City Dems vote for a House bill that would defund the NYPD for profiling; King loudly opposes it

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Last night, the fight over the New York Police Department's interrogation tactics found its way to the House floor, when New Jersey congressman Rush Holt introduced an amendment "to prohibit any federal funds from flowing to law enforcement organizations that engage in any form of racial, ethnic or religious profiling."

Holt singled out the NYPD for criticism.

He was promptly and vehemently opposed by Long Island Representative Peter King.

"Last night was such a frontal and, I thought, slanderous attack on the NYPD, I don't know how anyone could have voted in favor of that amendment to be honest with you," King told me this morning.

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But the amendment drew considerable support, including from most of the members from New York City. The bill failed on a mostly party line vote of 193-232, but all of the city's Democratic representatives voted in favor of the bill.

Three New York Democrats from outside the city—Kathy Hochul, Brian Higgins and Carolyn McCarthy—were among the eight Democrats who voted against it. (Gregory Meeks and Louise Slaughter, who is recovering from a broken leg, didn't vote.)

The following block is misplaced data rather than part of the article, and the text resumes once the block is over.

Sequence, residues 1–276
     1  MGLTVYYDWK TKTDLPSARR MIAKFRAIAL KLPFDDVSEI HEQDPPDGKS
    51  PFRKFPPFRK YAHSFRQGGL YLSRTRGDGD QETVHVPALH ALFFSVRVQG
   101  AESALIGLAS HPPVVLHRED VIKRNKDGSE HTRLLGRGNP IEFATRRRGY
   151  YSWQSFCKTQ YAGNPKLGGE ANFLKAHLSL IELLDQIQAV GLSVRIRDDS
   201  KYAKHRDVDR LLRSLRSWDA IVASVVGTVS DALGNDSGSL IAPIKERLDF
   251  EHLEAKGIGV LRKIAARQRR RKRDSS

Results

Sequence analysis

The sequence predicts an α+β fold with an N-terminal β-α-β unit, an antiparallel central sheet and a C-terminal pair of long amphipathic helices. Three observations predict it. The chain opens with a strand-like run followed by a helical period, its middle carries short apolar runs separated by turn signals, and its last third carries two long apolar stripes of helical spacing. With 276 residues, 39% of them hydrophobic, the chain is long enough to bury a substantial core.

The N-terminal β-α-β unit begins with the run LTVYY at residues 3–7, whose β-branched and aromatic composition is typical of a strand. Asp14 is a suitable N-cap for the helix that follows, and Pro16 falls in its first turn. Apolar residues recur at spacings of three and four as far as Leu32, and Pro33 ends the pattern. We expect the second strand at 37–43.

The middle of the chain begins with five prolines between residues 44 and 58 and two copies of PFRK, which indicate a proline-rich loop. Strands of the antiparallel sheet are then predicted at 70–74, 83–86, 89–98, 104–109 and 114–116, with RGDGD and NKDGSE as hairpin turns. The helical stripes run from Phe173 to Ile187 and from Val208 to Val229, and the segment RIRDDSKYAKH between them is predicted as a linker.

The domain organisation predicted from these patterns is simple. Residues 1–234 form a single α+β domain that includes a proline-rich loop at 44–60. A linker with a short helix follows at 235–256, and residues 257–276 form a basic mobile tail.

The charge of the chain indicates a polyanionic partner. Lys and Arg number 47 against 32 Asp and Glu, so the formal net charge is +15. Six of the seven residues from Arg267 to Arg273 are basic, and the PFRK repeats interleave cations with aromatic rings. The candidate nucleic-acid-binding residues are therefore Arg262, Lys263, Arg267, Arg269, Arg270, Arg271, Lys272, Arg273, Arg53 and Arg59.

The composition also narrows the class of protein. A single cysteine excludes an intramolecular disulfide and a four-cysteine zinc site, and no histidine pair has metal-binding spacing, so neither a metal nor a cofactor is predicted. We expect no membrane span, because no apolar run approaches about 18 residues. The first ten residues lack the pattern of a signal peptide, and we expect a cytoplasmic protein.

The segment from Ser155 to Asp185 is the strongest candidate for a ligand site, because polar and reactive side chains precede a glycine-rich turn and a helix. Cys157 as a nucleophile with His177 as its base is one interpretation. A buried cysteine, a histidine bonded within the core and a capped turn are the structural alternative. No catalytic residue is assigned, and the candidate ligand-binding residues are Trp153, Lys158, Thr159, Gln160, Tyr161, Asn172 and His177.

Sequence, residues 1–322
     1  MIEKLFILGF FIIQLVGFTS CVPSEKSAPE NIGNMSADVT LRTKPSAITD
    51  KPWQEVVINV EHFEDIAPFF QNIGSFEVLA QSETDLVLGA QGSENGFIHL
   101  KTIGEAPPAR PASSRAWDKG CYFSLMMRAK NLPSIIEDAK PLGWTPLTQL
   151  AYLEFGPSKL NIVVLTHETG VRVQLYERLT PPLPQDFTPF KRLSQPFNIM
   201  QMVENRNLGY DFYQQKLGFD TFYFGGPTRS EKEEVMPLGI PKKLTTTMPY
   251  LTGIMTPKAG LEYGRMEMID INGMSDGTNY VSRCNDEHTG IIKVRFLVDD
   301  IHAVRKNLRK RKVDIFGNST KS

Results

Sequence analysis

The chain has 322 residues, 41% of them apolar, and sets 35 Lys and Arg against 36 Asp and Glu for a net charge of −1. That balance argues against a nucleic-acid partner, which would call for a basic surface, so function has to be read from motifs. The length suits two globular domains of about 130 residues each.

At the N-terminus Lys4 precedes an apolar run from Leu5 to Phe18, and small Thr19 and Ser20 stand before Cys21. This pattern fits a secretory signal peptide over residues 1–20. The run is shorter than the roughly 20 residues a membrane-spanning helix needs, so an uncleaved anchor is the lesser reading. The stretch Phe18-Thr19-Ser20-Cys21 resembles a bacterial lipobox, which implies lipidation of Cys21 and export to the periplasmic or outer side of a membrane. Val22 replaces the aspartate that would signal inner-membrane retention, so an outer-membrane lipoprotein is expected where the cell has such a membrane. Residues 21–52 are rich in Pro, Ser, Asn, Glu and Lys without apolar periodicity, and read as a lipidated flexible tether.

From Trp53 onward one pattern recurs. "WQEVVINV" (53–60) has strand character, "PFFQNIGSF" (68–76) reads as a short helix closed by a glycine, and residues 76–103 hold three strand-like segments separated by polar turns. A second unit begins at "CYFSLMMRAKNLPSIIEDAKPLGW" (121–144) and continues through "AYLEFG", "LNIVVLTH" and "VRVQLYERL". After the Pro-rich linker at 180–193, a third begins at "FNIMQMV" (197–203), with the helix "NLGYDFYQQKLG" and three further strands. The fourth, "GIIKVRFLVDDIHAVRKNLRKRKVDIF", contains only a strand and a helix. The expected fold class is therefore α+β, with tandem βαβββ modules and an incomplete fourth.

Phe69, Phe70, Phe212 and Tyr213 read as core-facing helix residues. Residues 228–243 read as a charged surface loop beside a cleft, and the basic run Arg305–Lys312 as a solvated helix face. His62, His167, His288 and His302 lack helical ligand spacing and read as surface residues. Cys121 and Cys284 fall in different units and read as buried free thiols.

The amendment itself didn't mention the NYPD by name, but arguing for it on the House floor, Holt cited "a pattern of surveillance and infiltration by the New York Police Department against innocent American Muslims in the absence of a valid investigative reason," and said the department's "surreptitious, uncoordinated, and unprofessional approach to counter terrorism prevention within the American Muslim community shows that they have learned nothing from the lessons elucidated from the 9/11 Commission's report."

The department came under criticism from numerous New Jersey officials, including Governor Chris Christie and Mayor Cory Booker of Newark, after the AP reported that it had conducted surveillance on Muslim groups based there.

Holt added that "profiling is an unthinking, lazy, unprofessional approach to police work and intelligence work," and cited as evidence of the NYPD's "sloppiness," he said the department "failed to uncover" the plots by Faisal Shahzad, who unsuccessfully planted a car bomb in Times Square, and Najibullah Zazi, who aborted a potential subway bombing.

King, a staunch defender of the NYPD, who had anticipated the amendment and so was waiting around to argue against it, said he "disagree[d] with virtually every word spoken on the floor tonight by the gentleman from New Jersey."

King said the NYPD had been praised by everyone from John Brennan to Robert Mueller to General Petrateus, and discounted the stories about  

"These slanderous attacks by the Associated Press and The New York Times cannot point out one instance of a law being violated or one provision of the Constitution being violated," King said. "We should be here tonight giving the NYPD a medal."